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Sunday, 25 March 2001

Fear Of Pain During Intercourse

Written by  Marsha Ellentuck

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QDear WholeFamily Counselor,

I have other problems but right now I'd like to talk about this problem. I experience pain in my vagina rather easily. I have a 13-year-old daughter and I am 40 years old, my husband is two years older. He is a little inhibited and my fear of pain worsens the matter. I have always reacted to vaginal examinations with terror and only a very sensitive doctor is able to get me to relax to a certain extent and examine me without causing me much pain.

The only time I tried using a tampon, I couldn't bring myself to do it properly and I fainted briefly. I am unable to insert my finger in my vagina and can't get my partner to do it either. He is also nervous. I am quite sure and doctors have also told me that there is nothing physically wrong with me, it is just psychological. Since romance has always been more important to me than sex, I have neglected the matter, but is it one of the factors affecting our sex life, which gets disturbed only too easily? Is it a matter for concern? Is there anything I can do about it?

ADear "Fear Of Pain,"

You seem to be describing a sexual problem called "vaginismus," which is involuntary spasms of the muscles surrounding the vaginal opening at the time of penetration. Most of the time it is caused by fear of pain, which is what you have identified in your letter. You ask if it is a matter of concern -- it depends on how you and your husband feel about sexual intercourse or other activities concerning vaginal penetration. If your sex life were fulfilling for both of you without these activities, I would not automatically consider it a problem. But if the pain is getting in the way of both of your enjoyment, there are ways to treat the problem.

The focus of the treatment is to change the automatic response of clenching the muscles putting you in control does this. You can learn how to desensitize this area by putting objects of increasing sizes into your vagina -- you control the pace of the treatment.

At the beginning, I would encourage you to get to know the muscles I'm referring to by the following method: While urinating, stop mid-stream, then continue urinating, then stop again, until you can identify the muscles you are using to do this. Then practice the same contractions at other times. When you first start with penetration, it's important to contract these muscles; then, when they are relaxed, you begin to start penetration. You can use any objects that are smooth and safe for the vagina -- i.e. tampons, fingers, cucumbers, dildos.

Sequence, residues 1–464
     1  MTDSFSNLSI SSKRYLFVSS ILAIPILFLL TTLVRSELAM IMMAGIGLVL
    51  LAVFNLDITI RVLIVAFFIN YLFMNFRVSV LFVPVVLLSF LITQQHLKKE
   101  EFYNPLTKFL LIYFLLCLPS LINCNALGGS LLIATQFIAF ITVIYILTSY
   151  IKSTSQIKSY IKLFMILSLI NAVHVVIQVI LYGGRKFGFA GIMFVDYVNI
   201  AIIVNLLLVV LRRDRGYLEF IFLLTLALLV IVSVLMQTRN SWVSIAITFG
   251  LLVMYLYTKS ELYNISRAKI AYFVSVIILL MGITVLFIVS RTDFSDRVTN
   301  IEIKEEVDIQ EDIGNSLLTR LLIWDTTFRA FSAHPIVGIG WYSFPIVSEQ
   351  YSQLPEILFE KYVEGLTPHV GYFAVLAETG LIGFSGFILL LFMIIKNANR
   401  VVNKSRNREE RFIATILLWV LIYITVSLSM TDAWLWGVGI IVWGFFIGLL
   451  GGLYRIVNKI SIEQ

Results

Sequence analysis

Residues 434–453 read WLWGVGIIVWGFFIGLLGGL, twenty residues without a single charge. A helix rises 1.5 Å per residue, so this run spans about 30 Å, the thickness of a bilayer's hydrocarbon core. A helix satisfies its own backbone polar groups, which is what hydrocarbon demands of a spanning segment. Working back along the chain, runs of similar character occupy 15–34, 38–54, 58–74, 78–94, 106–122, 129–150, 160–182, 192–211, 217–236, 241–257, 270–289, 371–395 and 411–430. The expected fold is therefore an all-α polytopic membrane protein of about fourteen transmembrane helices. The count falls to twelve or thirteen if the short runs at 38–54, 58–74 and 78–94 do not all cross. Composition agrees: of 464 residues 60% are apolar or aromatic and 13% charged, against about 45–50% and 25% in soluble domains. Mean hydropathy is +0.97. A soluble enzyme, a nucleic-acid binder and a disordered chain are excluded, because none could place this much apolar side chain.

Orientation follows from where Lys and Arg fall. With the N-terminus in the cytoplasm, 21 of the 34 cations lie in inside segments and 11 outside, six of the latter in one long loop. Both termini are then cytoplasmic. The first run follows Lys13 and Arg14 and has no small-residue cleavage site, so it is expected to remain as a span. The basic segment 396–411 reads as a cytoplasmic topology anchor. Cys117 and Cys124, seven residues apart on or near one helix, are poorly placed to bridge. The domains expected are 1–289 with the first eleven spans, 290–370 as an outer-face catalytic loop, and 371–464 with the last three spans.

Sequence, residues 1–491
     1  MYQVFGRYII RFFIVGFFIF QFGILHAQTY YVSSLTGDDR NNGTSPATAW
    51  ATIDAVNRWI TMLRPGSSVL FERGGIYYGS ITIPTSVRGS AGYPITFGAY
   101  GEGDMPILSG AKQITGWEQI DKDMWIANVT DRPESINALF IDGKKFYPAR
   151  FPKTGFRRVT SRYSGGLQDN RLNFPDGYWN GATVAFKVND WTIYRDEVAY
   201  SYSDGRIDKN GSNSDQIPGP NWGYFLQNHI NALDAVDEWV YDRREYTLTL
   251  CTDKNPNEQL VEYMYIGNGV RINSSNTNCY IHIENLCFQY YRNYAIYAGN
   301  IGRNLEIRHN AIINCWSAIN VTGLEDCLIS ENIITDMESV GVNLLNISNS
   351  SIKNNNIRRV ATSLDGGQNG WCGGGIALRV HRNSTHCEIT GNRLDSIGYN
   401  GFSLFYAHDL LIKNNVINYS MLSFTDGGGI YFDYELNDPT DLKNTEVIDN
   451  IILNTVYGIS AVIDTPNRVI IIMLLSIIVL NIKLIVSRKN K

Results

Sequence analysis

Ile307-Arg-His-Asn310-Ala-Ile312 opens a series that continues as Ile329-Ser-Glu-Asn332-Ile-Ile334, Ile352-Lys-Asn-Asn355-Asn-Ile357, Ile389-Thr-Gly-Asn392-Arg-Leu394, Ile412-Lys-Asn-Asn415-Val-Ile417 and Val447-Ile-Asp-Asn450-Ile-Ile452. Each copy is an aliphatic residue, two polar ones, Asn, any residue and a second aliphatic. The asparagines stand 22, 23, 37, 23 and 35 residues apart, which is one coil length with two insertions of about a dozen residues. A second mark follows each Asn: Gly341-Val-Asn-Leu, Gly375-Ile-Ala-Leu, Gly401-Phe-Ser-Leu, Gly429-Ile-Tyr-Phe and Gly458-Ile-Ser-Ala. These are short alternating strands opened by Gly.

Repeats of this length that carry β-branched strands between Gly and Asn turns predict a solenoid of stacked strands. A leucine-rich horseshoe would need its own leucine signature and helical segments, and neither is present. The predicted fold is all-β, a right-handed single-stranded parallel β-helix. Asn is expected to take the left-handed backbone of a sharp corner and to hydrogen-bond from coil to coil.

What's most important is to remember that penetration should not be painful. If it is, chances are you are clenching your muscles and you should go back to practicing contracting and releasing. Your vagina should be well lubricated when attempting penetration -- you can use a vegetable oil or a vaginal lubricant, like K-Y Jelly. After you feel comfortable with inserting objects, increase sizes until you reach the approximate size of a man's penis. Then you can have your husband follow the same procedures, with you directing his actions. You should let him watch you do it to yourself first, to show him that it isn't painful.

When you and your husband feel comfortable with this, you can proceed to intercourse. It should be done slowly, with you sitting on top of him and inserting your husband's penis the same way you did with the objects. Make sure you are well lubricated and relaxed. Good luck!

Sincerely,

Marsha Ellentuck, MSW

Last modified on Thursday, 12 January 2012 14:13
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Marsha Ellentuck

Marsha Ellentuck

Marsha Ellentuck is a licensed sex therapist as well as a couple and family therapist. She received her master's of social work in 1978 from the University of Pennsylvania. Her work as a community organizer led her into the field of sex education, first with teenagers, later with all different populations, including parents of young children and pensioners. During her training as a couple therapist, Marsha realized the need to combine her sex education knowledge with her therapy skills and continued her training in sex therapy. Marsha Ellentuck works in a wide variety of settings -- a family therapy clinic, a sex therapy clinic as well as in private practice. She also gives lectures and workshops on many different subjects concerning sexuality.

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